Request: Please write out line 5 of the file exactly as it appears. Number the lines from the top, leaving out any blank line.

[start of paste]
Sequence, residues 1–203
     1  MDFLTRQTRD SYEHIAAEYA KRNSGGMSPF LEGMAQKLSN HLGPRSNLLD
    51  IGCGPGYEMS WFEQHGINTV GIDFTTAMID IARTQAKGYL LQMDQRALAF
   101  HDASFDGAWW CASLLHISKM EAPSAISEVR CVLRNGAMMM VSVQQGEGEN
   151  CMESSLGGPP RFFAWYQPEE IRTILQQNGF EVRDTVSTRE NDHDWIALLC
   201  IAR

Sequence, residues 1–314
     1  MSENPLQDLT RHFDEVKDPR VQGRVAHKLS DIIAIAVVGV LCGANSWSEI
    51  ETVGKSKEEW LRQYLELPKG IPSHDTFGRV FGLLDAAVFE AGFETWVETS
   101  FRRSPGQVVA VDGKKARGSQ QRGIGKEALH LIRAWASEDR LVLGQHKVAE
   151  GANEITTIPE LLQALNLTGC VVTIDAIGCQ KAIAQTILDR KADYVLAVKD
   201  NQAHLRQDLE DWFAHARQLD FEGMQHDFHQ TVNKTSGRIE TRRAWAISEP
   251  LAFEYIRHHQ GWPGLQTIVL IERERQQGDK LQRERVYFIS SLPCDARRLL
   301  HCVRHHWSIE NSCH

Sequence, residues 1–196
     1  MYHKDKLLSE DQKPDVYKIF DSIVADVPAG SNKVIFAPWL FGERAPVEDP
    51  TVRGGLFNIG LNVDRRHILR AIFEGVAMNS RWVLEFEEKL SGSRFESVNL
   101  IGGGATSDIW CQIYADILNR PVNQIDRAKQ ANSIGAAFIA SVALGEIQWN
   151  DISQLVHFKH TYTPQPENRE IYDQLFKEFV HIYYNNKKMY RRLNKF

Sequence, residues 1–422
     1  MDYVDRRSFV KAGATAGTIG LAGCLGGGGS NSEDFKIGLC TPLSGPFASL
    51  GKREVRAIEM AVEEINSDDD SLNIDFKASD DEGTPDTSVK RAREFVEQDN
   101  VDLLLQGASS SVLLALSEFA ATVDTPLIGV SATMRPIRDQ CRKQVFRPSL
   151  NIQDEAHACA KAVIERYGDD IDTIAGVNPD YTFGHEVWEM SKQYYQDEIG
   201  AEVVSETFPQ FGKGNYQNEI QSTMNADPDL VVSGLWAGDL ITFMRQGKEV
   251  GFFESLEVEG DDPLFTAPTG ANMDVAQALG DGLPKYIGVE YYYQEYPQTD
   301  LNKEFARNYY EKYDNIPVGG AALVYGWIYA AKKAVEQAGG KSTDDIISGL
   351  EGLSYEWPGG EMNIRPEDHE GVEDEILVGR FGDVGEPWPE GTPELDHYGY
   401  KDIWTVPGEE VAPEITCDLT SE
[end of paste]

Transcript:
   151  CMESSLGGPP RFFAWYQPEE IRTILQQNGF EVRDTVSTRE NDHDWIALLC